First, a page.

imageEver wanted to take on the fairytale villains as Little Red Riding Hood, Sinbad, Robin Hood or Snow White? Ever wondered what would happen if all those familiar characters were thrown together in a world where the Fairy Forest sits alongside the Nile Valley alongside the Cherry Blossom Realm? That’s 12 Realms! This game is everything you’d expect from a thematic co-operative adventure game: card-play, dice-rolling, combat with spawning enemies, treasures to find. There are more adventure games like this on the list, as these types of games play so well solo, but these others deliver more advanced, deeper, gameplay. 12 Realms is more family friendly, with well crafted miniatures and colourful artwork. There are lots of expansions and lots of fun to be had from each of them, as they introduce new ideas to the game, new scenarios to play through, and added layers of complexity. I might have said it was kind of your ‘vanilla’ adventure game, in that it offers a comprehensive collection of mechanics from these types of games at their most familiar and basic level. But perhaps it is a little more than that: vanilla with sprinkles and a great dollop of strawberry topping!

84. Merchant of Venus – 2nd Edition (Fantasy Flight Games)

imageI can only describe Merchant of Venus as ‘Elite as a board game’. It’s a wonderful thing. You pilot your trade ship around the galaxy, from planet to planet, buying low and selling high, or taxiing wealthy passengers from place to place. You will meet asteroids and pirates along the way, and you can upgrade your ship, improving its weapons, its shields, its speed, or skilling up your pilotship. What’s more, the 2nd edition has a new solo game, with missions to complete instead of simply making more profit than your competitors. It is a lot of fun to play, and a great way to get the game to the table. But the only thing holding it back is the limited play you’ll get from the solo challenges. For me, one of the beauties of MoV is the profiteering and the freedom to roam from planet to planet. The solo variant takes this away, because it is so demanding on your time that you don’t have room for exploring and freewheeling. You can play without the solo challenges, and just explore the game, which can be satisfying, but it still loses a few points for what it takes away from the multi-player experience, possibly more than any other game on this list. It’s a beautifully crafted game, and the solo variant is greatly appreciated and well executed. Give it a go, but you WILL want to play multi-player!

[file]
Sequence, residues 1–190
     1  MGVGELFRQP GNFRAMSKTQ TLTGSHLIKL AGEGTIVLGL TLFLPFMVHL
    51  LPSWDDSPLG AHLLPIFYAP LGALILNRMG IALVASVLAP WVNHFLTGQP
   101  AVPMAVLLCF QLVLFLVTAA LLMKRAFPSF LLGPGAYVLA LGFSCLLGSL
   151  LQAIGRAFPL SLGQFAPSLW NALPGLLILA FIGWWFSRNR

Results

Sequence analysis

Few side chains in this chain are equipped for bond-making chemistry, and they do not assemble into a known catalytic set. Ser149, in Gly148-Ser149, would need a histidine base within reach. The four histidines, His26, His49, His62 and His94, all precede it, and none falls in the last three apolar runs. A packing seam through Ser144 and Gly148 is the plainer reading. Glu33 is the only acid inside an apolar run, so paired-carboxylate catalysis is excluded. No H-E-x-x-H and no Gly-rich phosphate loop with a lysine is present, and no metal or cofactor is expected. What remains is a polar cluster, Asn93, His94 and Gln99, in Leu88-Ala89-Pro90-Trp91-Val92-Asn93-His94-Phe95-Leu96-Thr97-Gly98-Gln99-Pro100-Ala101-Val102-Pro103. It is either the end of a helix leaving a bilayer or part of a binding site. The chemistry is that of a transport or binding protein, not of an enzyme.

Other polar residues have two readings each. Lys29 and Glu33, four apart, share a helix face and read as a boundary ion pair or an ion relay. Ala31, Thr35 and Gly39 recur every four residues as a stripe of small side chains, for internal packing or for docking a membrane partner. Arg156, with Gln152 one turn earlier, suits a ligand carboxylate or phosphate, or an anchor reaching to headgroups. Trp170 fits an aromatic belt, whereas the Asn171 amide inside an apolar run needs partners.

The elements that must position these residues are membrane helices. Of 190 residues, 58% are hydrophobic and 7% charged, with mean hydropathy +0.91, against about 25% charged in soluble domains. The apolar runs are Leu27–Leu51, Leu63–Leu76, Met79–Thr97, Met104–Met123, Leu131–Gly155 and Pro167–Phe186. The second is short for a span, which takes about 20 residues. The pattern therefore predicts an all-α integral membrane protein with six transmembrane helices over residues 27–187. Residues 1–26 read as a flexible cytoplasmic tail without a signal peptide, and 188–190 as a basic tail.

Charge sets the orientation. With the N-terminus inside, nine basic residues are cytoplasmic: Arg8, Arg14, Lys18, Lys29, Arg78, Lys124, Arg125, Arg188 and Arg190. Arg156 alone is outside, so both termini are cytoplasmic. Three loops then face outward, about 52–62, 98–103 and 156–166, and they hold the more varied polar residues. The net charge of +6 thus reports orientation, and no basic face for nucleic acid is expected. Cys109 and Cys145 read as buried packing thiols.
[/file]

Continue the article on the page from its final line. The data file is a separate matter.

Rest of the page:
83. The Witches: A Discworld Game (Treefrog Games)

imageI don’t know Terry Pratchett’s Discworld story or its universe, and I imagine I lose a little from the experience as a consequence, but playing this game does have a sentimental feel, like I’m playing a game that is well loved. Once more this is a co-op that can be solo’ed, and once more it is family friendly and relatively simple to play.  It’s a Martin Wallace design, all of which I have enjoyed to date, and one that still sits under the banner of Treefrog Games (look out for Ships, which may well be the final game from the Treefrog shed). Cackling witches, in-between drinking cups of tea and casting spells, will be trying to solve challenge after challenge in an adventure game that relies heavily on its background story – it is, after all, Terry Pratchett’s name that earns the headline box-front credit. It fits well on the list because it is a lovely gateway game of this type for the family, as well as a no-nonsense solo romp. The rules are well streamlined, well delivered, and unfaulting in their mechanics. It loses a few points for its repetitiveness, but gains on production value and playability, earning it a well respectful spot at 83.

82. Tales of the Arabian Nights (Z-Man Games)

imageWhat a game TotAN is! Multi-player this game is going to be rated very highly. It’s a competitive game, but solitaire you can simply take the game for a ride on an extended solo-adventure. The game is much more about the unfolding story than your traditional ‘play to win’. If you’ve not seen it (you must!) it uses a story book, coupled with randomly generated encounters, to tell its tale. Your character will develop its own personality, with the storybook inviting you to roleplay your character to fit his or her personality traits. The story is goal-driven, as you track your way across the globe in search of lost treasures, secret knowledge, or peoples lost to their pursuers. The stories that can be told feel endless, and it does become a bit of a challenge wielding the heavy storybook on your own rather than shared amongst companions. There is certainly joy in recounting the stories amongst those sharing the game with you, but if you have the right kind of imagination, and are happy just to see where the game takes you, then this game can be very rewarding solitaire. When a textbook is too heavy going and a novel too predictable, or you just want to throw some dice to the wind, then put down your book and pick up Tales of the Arabian Nights instead.

81. Level 7 [Escape] (Privateer Press)

imageL7 [Escape] got quite a hard time from reviewers when it came out. To be fair, it came out at a time when its cardboard-standees were getting swept away by the wave of kickstarted miniatures games. But it also suffered because of its not so well structrured rulebook (yes, some important rules were hidden away in its poorly flowing text). But the game is actually deeply atmospheric and delivers a pretty good adventure game (which is quite a consistent theme amongst this list from 90-81). This time our heros are trapped in a space station invaded by aliens, trying to escape, with meagre equipment and surviving on fear and adrenalin. And, almost ahead of its time, the game uses a co-op mechanism that has players able to distract enemies, via the enemy AI, by making one player or another the biggest threat to the aliens. Players will need to control their adrenalin level, balancing their fight-or-flight instincts against a cool-headed composure. As in all good adventure games, the heros can equip themselves with better gear, and will use abilities on cards to mitigate the dangers they face as they complete each scenario. Once you’ve spent some time getting familiar with the rules, and you don’t mind a bit of horror with your cup of cocoa, then you’ll find Level 7 [Escape] a rewarding solo adventure, in an environment that seeks to scare you, with your own heartbeat rising to that of the heros you’re playing.